Saturday, October 31, 2009

* The 4T's: Ignoring Yale Presidents and Savaging American Childhood

Two great Yale presidents, A. Whitney Griswold and A. Bartlett Giamatti, made prescient presidential pronouncements about the course of "education" in America
(see below).

Both of them were ignored.

Now Secretary of Education Arne Duncan will institutionalize the very
flaws which Griswold and Giamatti foresaw, by turning American Schools into a "Race to the Top", the ultimate "Athletization of Life" (Giamatti) and a grotesque instance of believing there is a recipe to "teach teachers how to teach" (Griswold).

The result? American schools will abandon the
3R's and replace them with the 4T's: Teaching To The Test.

This is nothing less than a not-so-surreptitious drive toward a national curriculum.

Let's turn childhood into a rigid recipe for success. Let's drain it of every chaotically creative moment of joy which Huckleberry Finn and Tom Sawyer epitomized.

Soon we can outfit all students in uniforms with boots whose heels will click in unison on command.

Parents should shudder with shame if they allow American childhood to be so savaged by the Servants of Standardization.

(Secretary of Education Arne Duncan)

From "Winning isn't Everything",

a speech delivered as President of Yale University, BBBC
(Before Becoming Baseball Commissioner):

“Many of the abuses, including the abuse of drugs or alcohol or steroids among some college athletes or some professional athletes,stem from the complete athletization of life, the displacement of all social rules by the rules of the game’s culture. Totally absorbed, some feel invulnerable, invincible, completely exempt from conventional expectations … the inevitable result, particularly among some former professional athletes well into their thirties (although I have seen it among college athletes and, in a few cases, with gifted high s chool athletes, whose ‘careers’ stopped at about 19), is that there is no place in the general culture for them when they no longer fit in the cult. They have prepared no skill or trade, have eschewed all other interests, have made no plan or expressed any desire for a plan, because no one told them or they refused to believe that there comes an end to running, an end to the cheers, an end to the life lived on the cuff, to the endless pleasuring of themselves. … Such people are as if newborn when it is over, accustomed to packing a suitcase but not to carrying it, unaccustomed to few if any of the hundreds of daily activities that require one to negotiate for oneself.”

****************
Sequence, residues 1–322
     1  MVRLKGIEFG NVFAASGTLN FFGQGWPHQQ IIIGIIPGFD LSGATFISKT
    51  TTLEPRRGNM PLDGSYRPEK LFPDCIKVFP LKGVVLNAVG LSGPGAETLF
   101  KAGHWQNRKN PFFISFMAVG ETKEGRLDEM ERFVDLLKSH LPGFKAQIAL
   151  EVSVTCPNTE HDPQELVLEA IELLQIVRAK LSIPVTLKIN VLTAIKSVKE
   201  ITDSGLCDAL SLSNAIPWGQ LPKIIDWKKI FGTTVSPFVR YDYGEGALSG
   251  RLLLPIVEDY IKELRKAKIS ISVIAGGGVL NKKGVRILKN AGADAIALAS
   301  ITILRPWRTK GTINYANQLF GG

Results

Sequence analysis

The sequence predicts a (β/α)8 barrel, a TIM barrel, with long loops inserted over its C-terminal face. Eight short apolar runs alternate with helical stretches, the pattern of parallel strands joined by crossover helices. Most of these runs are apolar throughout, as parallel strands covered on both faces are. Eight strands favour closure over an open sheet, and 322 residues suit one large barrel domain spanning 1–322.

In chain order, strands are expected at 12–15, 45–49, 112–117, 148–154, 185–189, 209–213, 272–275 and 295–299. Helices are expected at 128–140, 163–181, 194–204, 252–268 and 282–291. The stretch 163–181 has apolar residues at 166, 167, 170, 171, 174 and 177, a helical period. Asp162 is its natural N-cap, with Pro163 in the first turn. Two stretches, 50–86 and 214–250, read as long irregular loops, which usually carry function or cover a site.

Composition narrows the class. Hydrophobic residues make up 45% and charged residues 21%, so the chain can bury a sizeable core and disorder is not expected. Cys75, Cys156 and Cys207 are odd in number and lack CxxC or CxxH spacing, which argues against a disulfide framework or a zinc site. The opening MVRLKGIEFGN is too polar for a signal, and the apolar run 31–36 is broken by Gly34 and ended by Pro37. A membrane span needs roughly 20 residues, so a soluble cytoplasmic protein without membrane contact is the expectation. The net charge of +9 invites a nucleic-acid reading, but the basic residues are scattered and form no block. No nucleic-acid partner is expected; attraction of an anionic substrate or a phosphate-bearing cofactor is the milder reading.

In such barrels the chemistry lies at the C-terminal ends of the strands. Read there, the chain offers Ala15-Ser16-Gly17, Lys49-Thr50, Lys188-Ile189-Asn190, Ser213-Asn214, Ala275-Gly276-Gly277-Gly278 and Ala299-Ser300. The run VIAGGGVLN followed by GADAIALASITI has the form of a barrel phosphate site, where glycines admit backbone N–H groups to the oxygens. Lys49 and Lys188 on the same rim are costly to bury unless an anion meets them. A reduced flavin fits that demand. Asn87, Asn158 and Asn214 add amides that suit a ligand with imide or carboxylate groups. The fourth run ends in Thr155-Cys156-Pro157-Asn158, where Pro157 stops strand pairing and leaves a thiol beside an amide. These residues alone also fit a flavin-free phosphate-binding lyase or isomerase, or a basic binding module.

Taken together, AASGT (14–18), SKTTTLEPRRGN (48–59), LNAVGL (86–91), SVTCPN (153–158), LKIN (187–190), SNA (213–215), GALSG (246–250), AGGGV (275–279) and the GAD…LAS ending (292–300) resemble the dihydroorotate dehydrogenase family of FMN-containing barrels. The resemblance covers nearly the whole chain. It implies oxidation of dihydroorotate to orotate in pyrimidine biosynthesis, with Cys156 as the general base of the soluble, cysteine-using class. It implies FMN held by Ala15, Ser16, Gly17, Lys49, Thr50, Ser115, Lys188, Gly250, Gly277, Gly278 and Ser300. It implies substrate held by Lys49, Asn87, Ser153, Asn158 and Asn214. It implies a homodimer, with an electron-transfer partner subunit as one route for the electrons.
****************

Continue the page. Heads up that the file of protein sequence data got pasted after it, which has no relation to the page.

- A. Bartlett Giamatti

Letter: Liberal arts not meant to be useful

Published Friday, April 3, 2009
Letter to the Editor
Yale Daily News

What an unpleasantly utilitarian odor the April 1 technology column (“Tech. requirement would enhance Yale education”) has — suggesting for the second time in a month in the News that the liberal arts are “utilitarian,” i.e. “useful.”

The liberal arts are designed to help people think — not to train them for “useful careers.”

John Ciardi, the late great Dante scholar, defines an intellectual as “someone capable of being excited by ideas.” Yeats said, “Education is about catching fire.”

Put the two together and you have the kindling for a liberal arts education.

Remember, it was a 1940's Yale president, A. Whitney Griswold, who in a single, dramatic stroke of thinking abolished Yale’s graduate department of education, saying, “It is not necessary to teach teachers how to teach.”

Had the country followed suit 50 years ago, America would not have developed the treadmill of information delivery systems called public education which suffocates thinking today. Instead, our classrooms would have been conducted by exponents of the liberal arts.

Down with utilitarianism.

Set fires.

Paul Keane

White River Junction, VT
The writer is a 1980 graduate of the Yale Divinity School.
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